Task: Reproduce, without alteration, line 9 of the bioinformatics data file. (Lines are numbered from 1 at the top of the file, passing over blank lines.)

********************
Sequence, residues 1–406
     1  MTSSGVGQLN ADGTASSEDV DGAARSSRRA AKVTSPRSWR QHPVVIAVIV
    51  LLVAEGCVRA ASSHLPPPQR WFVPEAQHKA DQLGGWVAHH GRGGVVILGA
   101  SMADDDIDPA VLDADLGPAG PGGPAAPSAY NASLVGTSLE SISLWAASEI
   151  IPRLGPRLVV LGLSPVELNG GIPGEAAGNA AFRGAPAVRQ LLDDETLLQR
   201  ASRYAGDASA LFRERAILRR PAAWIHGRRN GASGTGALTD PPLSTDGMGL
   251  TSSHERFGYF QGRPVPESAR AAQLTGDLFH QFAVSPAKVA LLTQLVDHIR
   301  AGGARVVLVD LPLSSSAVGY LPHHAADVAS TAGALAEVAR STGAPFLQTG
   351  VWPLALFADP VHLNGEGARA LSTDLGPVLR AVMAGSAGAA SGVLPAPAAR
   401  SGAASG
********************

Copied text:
   351  VWPLALFADP VHLNGEGARA LSTDLGPVLR AVMAGSAGAA SGVLPAPAAR